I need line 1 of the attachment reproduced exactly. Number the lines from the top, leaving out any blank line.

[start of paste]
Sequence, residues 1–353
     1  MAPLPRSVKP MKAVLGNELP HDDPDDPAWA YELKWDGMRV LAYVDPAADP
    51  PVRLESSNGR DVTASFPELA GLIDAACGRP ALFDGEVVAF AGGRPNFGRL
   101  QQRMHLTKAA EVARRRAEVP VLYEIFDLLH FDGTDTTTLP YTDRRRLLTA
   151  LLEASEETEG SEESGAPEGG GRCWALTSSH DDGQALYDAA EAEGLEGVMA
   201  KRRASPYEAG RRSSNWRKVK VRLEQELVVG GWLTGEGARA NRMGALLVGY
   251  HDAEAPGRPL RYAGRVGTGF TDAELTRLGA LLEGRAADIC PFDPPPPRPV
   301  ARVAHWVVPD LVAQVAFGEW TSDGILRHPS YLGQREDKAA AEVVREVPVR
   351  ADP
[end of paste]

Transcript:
Sequence, residues 1–353